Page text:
- Complete the application Fill out the necessary forms to initiate your claim. The main form is the “Application for Disability Compensation and Related Compensation Benefits” (VA Form 21-526EZ). You can get this form from the VA’s website or by visiting your local VA office.
- Submit your claim Submit the completed application form, along with any supporting documents, to the VA. You can file your claim online through the VA’s eBenefits portal or by mail. Make sure to keep copies of all documents for your records.
- Attend a C&P exam In most cases, the VA will schedule a C&P exam to evaluate your PTSD. During this exam, a VA-appointed healthcare professional will assess your condition and provide a report to the VA for consideration.
- Await the decision The VA will review your claim, along with the supporting documentation and C&P exam results. The processing time can vary, but you can check the status of your claim online through the eBenefits portal or by contacting the VA directly.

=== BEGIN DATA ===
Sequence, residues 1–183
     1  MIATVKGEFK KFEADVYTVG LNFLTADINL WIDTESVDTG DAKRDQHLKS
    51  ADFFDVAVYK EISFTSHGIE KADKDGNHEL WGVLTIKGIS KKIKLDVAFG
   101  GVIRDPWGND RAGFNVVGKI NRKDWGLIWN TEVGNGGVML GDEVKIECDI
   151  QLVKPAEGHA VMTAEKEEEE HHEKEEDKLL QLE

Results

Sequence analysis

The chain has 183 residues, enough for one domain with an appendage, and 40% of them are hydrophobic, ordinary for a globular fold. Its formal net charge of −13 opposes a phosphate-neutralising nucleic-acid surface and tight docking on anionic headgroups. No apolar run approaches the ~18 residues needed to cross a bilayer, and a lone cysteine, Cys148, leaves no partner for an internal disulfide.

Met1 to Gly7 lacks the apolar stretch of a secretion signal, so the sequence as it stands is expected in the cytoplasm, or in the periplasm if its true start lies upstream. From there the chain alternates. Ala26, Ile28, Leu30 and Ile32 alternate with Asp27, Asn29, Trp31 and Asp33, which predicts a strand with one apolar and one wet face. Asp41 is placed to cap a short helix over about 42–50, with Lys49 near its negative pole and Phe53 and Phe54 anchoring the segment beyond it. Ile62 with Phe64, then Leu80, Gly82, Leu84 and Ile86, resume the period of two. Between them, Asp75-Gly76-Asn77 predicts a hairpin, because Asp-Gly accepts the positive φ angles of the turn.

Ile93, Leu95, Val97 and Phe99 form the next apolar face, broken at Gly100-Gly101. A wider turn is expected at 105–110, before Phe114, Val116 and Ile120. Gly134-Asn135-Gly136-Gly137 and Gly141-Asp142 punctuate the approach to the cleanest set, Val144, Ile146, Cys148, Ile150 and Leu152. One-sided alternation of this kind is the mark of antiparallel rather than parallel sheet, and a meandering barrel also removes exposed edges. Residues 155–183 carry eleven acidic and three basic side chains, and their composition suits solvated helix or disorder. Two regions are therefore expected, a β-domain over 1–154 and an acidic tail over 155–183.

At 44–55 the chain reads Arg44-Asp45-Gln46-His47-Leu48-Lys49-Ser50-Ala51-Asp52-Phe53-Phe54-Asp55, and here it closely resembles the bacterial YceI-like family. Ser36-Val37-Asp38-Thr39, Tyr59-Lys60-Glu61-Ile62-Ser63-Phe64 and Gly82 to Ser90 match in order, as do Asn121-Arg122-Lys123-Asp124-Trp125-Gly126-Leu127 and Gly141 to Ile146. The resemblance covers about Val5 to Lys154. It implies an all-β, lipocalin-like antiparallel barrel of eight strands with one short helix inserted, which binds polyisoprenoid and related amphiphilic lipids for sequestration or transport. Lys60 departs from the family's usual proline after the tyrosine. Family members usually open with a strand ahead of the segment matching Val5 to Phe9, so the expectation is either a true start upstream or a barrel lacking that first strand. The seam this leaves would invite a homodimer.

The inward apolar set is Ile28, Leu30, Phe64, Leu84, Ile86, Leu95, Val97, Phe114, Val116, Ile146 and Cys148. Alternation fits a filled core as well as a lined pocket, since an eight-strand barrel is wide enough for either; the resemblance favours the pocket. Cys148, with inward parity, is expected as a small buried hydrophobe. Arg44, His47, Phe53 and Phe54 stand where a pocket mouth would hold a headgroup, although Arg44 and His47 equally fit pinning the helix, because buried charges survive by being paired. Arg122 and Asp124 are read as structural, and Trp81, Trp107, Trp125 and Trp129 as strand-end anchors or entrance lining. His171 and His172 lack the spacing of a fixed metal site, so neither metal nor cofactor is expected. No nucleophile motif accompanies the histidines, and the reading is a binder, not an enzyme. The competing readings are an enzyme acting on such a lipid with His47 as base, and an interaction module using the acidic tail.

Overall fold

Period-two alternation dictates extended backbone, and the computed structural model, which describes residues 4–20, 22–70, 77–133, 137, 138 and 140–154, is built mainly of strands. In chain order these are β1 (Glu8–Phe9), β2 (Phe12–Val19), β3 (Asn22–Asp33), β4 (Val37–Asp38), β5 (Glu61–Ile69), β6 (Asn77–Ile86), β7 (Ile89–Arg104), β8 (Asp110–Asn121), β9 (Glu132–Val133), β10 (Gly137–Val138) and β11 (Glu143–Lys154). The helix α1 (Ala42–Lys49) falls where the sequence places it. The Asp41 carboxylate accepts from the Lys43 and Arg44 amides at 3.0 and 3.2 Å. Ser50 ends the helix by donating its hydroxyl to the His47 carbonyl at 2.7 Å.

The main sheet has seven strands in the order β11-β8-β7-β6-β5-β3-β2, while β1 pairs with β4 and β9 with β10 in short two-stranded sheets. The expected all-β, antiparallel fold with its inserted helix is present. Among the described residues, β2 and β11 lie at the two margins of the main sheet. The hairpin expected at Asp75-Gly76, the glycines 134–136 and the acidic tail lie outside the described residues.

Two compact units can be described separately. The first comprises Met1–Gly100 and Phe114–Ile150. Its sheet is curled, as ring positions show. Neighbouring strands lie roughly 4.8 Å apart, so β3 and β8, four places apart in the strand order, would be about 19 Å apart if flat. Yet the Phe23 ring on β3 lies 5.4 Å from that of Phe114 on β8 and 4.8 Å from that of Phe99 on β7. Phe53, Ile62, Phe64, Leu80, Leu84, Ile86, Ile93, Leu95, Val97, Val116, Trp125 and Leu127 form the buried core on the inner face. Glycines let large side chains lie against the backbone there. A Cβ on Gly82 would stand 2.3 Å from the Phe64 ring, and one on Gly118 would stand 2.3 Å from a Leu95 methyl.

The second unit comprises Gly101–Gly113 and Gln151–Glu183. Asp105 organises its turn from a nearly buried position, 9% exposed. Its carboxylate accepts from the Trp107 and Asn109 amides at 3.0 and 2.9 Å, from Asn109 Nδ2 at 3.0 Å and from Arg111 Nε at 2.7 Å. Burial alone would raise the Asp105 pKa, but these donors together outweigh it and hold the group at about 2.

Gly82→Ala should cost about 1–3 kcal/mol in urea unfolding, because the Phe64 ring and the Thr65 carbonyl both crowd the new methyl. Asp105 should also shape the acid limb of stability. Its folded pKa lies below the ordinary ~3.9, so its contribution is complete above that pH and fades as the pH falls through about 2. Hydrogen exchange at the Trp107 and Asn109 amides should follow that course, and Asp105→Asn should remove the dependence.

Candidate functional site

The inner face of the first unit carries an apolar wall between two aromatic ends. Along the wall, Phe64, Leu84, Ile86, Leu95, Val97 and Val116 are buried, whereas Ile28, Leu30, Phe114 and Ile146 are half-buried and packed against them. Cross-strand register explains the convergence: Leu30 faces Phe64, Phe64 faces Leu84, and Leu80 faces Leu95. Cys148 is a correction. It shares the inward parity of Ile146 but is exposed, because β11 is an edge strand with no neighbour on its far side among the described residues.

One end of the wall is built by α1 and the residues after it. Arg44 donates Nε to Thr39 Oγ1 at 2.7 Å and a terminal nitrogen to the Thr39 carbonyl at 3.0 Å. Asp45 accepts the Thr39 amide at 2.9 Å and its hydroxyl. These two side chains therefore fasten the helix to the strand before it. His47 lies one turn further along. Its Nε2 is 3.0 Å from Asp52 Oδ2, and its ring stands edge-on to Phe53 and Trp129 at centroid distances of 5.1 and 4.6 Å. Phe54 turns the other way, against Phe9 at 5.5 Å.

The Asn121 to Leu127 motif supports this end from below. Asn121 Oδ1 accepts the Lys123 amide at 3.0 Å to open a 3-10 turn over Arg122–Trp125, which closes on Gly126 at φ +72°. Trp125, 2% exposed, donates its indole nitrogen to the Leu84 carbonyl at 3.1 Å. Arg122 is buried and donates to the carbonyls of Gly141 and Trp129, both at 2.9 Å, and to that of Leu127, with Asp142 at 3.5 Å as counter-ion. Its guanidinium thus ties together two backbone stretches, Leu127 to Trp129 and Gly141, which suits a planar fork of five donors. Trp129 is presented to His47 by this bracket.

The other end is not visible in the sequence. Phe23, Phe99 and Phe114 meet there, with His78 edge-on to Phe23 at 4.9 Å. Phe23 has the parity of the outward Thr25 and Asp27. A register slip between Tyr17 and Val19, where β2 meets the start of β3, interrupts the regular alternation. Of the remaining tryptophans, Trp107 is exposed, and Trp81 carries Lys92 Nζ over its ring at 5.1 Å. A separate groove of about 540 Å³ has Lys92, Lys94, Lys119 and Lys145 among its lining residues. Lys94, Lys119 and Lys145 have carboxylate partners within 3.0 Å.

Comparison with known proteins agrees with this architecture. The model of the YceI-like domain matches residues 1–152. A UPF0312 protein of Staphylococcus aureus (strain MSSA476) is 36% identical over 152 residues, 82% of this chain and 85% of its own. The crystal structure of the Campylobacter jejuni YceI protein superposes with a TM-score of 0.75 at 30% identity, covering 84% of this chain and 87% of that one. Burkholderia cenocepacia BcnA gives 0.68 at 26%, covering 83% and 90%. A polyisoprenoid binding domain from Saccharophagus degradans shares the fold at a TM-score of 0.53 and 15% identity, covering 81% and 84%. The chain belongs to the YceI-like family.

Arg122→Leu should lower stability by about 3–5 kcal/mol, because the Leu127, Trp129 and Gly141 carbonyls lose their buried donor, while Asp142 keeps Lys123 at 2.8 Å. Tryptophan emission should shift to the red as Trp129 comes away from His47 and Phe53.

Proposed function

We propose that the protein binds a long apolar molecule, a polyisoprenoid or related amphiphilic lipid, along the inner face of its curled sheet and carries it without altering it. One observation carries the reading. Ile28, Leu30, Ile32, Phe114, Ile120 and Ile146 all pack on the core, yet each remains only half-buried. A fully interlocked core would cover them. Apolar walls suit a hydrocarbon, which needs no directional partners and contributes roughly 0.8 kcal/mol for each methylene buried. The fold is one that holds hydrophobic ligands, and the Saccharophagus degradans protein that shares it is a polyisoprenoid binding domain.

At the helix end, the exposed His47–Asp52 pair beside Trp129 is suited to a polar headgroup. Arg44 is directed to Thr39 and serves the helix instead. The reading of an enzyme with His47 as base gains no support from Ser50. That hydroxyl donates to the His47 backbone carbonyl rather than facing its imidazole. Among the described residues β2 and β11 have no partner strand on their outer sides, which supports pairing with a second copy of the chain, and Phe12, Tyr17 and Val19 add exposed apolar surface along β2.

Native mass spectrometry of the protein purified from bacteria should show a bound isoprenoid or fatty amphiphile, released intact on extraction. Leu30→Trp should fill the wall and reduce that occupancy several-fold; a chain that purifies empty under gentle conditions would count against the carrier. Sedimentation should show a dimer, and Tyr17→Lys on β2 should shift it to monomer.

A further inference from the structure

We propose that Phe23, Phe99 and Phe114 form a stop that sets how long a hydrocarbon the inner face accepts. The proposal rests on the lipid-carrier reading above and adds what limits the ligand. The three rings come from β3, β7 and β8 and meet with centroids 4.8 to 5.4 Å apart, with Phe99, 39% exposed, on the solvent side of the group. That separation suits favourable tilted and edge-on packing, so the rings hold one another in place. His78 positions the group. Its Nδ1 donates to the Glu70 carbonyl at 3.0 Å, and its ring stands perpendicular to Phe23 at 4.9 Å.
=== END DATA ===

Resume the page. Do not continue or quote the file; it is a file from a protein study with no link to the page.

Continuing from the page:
- Receive the decision Once the VA reaches a decision, you will receive a notification letter detailing their determination of your eligibility for PTSD disability benefits. This letter will include information about your disability rating and any related compensation.
- Appeal if necessary If you disagree with the VA’s decision, you have the right to appeal. The appeals process involves specific steps and deadlines, so it’s important to review the information provided in your decision letter and seek guidance from a Veterans Service Officer or legal representative.